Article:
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Posts Tagged ‘running’

The blog has been a little quiet lately but that doesn’t mean I’ve been sitting around doing nothing.

1.  I had a wonderful two week visit with my family, one of the highlights being a trip to Grand Haven, Michigan to celebrate our 14th wedding anniversary. Yes, I took a dip in Lake Michigan.

2.  I ran the Sunburst Marathon in South Bend, Indiana in high humidity and 80 degree plus heat. I’m glad I crossed the finish line before they called the race due to hazardous heat conditions.

3.  While I was in the Midwest, I received some good news: My middle grade novel has been chosen as a finalist in the Pacific Northwest Writers Association’s Annual Contest. Winners will be announced in August at their annual conference.

4.  I accepted a job for the fall semester. I will be teaching English to the ELL (English Language Learners) students at West Valley High School.  It is a ¾ time teaching position and just for the fall semester, kind of perfect for me in terms of keeping my writing going.

5.  I’m going hiking in the Italian Alps in late July/early August.

6.  And, am I working on a new book? You bet I am!!

Interesting. Is that public information?

That’s all the news that fit to tell. What have you been up to lately?

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The start of the Equinox Marathon.

I think life is composed of many marathons whether you are walking, running, writing, raising children, caring for elderly relatives, teaching, whatever the important things are in your life that you are continually working on and growing from.

For me, the Equinox Marathon, which I ran on Saturday for the 8th time, is a metaphor for life. It’s a pilgrimage up steep, tree-lined roads and trails to the top of a dome (think small mountain) and then back down a different way.

The high-point of the course, Ester Dome, is the most distant spot in the photo.

At times during the race I’m giving other runners a wave or a nod or a word of encouragement and receiving them as well, and acknowledging many of the fine folks lining the accessible parts of the course. But mostly, I try to approach the run as a form of meditation, where I’m relaxing my body, a small smile on my face, while I put one foot in front of the other.

And this is true with writing, teaching, driving, doing the dishes, having a conversation, whatever. When I focus solely on the task at hand, I both enjoy it more and do a better job as I’m swept into that elusive world of just living in the present.

Just like everyone else, I worry about things I have no control over, get nervous before giving a presentation, space out and burn food on the stove, stick eggs in the freezer—the list goes on.

During the race I worried about running too fast and burning out. I worried about my stomach cramping up from too much Gatorade. I worried about reinjuring my knee. I worried about tripping and doing a face plant. But these worries were interspersed with moments of smiling and being totally aware of what I was doing, which was making this amazing pilgrimage with 800 other people. Some walked and some ran. Some people finished in under three hours, some in over eight, but we all did it together.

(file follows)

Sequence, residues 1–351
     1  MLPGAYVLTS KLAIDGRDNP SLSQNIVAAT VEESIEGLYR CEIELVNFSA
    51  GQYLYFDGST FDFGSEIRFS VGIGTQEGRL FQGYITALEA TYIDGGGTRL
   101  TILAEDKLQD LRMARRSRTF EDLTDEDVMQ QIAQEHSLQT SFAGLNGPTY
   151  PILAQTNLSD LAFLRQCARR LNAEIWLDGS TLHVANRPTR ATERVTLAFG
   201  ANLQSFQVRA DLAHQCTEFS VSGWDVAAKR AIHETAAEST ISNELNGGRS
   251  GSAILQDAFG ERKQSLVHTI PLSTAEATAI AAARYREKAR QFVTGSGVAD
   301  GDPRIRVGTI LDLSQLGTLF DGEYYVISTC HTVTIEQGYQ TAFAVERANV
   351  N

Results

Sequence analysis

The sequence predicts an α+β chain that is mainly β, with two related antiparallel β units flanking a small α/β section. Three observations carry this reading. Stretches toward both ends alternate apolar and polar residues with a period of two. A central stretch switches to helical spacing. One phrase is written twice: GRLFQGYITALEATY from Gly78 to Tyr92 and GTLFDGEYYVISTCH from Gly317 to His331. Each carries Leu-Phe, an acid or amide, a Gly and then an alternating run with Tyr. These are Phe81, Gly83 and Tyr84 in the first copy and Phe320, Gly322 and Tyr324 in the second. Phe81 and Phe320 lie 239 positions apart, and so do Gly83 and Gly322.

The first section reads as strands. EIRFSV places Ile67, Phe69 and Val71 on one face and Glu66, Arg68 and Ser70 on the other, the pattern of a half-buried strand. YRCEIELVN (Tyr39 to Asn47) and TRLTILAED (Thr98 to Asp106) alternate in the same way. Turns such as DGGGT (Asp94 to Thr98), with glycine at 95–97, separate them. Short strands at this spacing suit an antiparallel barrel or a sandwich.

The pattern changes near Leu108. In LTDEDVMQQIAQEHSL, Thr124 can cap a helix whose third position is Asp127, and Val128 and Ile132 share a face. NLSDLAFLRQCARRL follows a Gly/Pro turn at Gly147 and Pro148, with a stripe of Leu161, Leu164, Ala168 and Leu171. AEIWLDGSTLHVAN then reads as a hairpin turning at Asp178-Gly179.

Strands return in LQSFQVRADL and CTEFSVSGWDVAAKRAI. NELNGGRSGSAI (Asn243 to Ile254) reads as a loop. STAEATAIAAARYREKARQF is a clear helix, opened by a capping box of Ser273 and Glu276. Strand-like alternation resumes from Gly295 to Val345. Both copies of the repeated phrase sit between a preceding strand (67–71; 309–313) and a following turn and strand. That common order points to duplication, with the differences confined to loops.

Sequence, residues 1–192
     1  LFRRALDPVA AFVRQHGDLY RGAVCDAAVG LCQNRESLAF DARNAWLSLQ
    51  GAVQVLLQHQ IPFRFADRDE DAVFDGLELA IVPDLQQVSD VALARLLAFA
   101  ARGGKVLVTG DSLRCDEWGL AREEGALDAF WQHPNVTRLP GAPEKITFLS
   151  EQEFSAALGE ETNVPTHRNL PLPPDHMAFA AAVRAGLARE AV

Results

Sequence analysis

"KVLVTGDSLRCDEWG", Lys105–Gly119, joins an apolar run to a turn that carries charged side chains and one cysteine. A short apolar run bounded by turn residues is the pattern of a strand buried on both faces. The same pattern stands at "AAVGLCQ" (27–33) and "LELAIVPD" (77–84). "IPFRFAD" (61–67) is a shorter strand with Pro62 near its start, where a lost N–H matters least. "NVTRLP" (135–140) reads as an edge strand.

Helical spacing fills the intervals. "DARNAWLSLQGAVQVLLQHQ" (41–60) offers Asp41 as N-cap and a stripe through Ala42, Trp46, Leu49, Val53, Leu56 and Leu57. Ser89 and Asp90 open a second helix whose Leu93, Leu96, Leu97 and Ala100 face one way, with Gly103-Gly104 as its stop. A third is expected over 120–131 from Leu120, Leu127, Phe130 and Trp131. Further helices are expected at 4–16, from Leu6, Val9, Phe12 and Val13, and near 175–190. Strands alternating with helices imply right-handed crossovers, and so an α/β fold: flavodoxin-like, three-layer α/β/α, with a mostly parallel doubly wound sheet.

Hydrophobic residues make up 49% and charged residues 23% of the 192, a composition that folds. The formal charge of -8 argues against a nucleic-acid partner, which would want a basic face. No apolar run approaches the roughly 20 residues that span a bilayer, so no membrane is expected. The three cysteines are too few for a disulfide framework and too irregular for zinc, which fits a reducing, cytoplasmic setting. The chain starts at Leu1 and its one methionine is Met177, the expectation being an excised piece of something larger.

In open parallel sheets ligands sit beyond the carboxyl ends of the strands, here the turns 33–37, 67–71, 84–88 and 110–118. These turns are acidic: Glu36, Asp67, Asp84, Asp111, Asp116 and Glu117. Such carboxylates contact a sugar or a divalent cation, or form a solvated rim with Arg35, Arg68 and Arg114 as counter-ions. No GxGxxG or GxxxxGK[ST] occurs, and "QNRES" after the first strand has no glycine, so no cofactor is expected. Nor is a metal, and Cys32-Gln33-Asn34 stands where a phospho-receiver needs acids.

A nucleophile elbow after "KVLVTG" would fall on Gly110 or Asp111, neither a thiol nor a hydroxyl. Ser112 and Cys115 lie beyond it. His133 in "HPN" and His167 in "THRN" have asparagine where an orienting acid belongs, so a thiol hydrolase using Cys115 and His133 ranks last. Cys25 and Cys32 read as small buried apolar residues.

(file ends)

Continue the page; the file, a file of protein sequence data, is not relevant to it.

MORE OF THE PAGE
A lone runner coming down Ester Dome.

It is kind of like being in a community of writers. No one is going to write your book for you, but hopefully you’re getting a lot of encouragement and comfort knowing that even though you are responsible for each step you take you are not on this journey alone.

What draws you away from being in the present moment? And what brings you back? And, have you ever stuck anything in the freezer that didn’t belong there?

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In between some amazing sessions at WriteOnCon I had to keep sneaking out to the garden to harvest the vegetables that have pretty much taken over our lives.

On one of my harvesting forays I saw some brown blurry movement. At first I thought it was just the sun and shadows playing tricks on me. Something kept sneaking into my line of sight and disappearing.

I sat down in a chair in front of our greenhouse and this little munchkin popped out from under one of the raised beds.

Short-tailed weasel

He proceeded to dart in and out of cover for about a half hour. Luckily for me, WriteOnCon has great archives so I didn’t have to worry about missing something while I hung with the weasel. 

I got a few fleeting photos. He was a fast little sucker. Cute, too.

The little guy made my day, but WriteOnCon made my week. A big thank you to Jamie Harrington, Elana Johnson, Casey McCormick, Shannon Messenger, Lisa & Laura Roecker and Jennifer Stayrook for working the magic that made it all happen. 

All the presentations are archived on the WriteOnCon website. It is a great resource for writers. I’m not even going to try to pick a favorite, or most helpful, post or vlog or live chat. They were all very high quality, professional, fun and thought provoking.

Today I’m heading out on a twenty mile run with a friend in preparation for the Equinox Marathon. We both have some knee issues limiting us, but our running mantra is: Slow miles are better than no miles.